The ‘Optimism’ of a Texas Inmate After 27 Years on Death Row | World

Hank Skinner has been on death row in Texas for nearly three decades, but he hasn’t given up hope.

“I’m optimistic that I’m not going to end up here. I shouldn’t even be here to start,” he told AFP in an interview.

He is being held at the Allan B. Polunsky Penitentiary in Livingston, 130 km north of Houston, and has always pleaded not guilty.

In 1995, Skinner was sentenced to death for the murder of his girlfriend and two of her children in Pampa, outside Texas.

Hank Skinner, imprisoned for 27 years in Texas, tries to plead innocence (Photo: Cécile Clocheret / AFP)

He says he was not at the house where the three victims died and that he passed out after mixing drugs and alcohol. Skinner was detained at a nearby house with blood on his clothing and insists that DNA evidence would prove his innocence.

The 60-year-old has spent nearly half his life waiting for a decision from the state’s highest criminal court.

The Texas Court of Appeals will consider whether the jury that sentenced Skinner would have decided differently had it had access to a DNA test, available today.

Death Row Entrance in San Quentin. The oldest prison in California is the only one in the state that has a gas chamber for executions. — Photo: Lucy Nicholson/Reuters

Texas has 197 death row inmates. In 2020 and 2021, 6 were executed, but 11 dropped off the list after their sentences were reviewed.

Some remain behind bars. Others are free like Cesar Fierro, who returned to Mexico after 40 years on death row.

If the court finds Skinner right, he will remain in prison but may appeal in an attempt to prove his innocence.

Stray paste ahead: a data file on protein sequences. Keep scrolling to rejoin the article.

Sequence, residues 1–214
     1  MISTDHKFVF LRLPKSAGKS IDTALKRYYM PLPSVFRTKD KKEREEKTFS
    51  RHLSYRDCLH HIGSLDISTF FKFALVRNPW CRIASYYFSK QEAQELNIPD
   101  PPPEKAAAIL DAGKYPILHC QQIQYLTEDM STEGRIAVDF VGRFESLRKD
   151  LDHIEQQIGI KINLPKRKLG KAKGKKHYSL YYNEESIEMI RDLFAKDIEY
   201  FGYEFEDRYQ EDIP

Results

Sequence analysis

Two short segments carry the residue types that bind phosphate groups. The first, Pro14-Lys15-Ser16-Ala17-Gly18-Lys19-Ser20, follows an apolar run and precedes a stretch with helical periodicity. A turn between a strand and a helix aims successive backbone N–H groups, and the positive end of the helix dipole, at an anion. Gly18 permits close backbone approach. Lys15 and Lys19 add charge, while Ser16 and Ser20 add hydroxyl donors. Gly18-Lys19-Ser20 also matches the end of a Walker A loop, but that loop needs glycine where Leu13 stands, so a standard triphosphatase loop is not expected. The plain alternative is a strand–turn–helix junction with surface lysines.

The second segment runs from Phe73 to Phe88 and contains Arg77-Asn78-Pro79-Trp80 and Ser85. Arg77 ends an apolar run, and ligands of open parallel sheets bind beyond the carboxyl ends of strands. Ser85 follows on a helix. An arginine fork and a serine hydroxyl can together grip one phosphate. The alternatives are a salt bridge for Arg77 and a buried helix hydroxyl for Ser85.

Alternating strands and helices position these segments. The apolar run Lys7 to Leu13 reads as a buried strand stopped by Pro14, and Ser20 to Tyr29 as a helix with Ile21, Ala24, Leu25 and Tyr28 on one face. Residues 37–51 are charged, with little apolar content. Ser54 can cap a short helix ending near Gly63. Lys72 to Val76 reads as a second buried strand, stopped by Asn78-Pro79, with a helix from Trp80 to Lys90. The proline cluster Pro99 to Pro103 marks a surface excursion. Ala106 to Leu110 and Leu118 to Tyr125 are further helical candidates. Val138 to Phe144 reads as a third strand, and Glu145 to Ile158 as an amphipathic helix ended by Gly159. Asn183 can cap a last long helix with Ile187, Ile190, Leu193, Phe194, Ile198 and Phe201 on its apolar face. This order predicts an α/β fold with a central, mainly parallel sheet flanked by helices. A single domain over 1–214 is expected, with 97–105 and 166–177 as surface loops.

Five execution dates

Skinner’s execution has already been scheduled five times.

Hank Skinner, imprisoned for 27 years in Texas, tries to plead innocence (Photo: Cécile Clocheret / AFP)

In March 2010, he was pardoned 23 minutes before receiving the lethal injection. It was his lawyer who broke the news.

“I felt like a weight was lifted off my chest. I felt light, I thought I would float away.”

After the euphoria had passed, Skinner faced a terrible depression when he realized that he would return to death row.

Watching fellow prisoners die, he said, is more difficult than being stuck in a small cell for 22, 23 hours a day, without television or physical contact, except during the visits of the wives.

Hank Skinner, imprisoned for 27 years in Texas, tries to plead innocence (Photo: Cécile Clocheret / AFP)

A total of 127 prisoners have been executed since 2010 in Texas, the state with the most death penalty.

“There are mentally disturbed people here. They throw themselves against the walls, knock on doors, scream with all their strength”, he says.

Others talk to imaginary people. There are also real conversations, always in high tones.

Hank Skinner, imprisoned for 27 years in Texas, tries to plead innocence (Photo: Cécile Clocheret / AFP)

“It’s noisy all the time. But you learn to tune out,” acknowledges Skinner.

With no daylight and with breakfast served at 3 am, he says it’s hard to get a sense of everyday life.

We sleep when we are tired and take advantage of the silence of the night to read.

In 2008, Skinner married a French activist who fights against the death penalty and who is also convinced that he was the victim of a miscarriage of justice.

For the years he has left, Skinner says he would like to “spend every minute” with his wife.

He also has another project in mind: “I’m going to end the death penalty in the world.”

“I think if people knew what it’s really like, they would never vote for the death penalty.”

Source link

About Admin

Check Also

Koch brothers turn down funding for Donald Trump in 2024

Donald Trump (in 2020), former President of the United States, and Ron DeSantis (2022), current …

Leave a Reply

Your email address will not be published. Required fields are marked *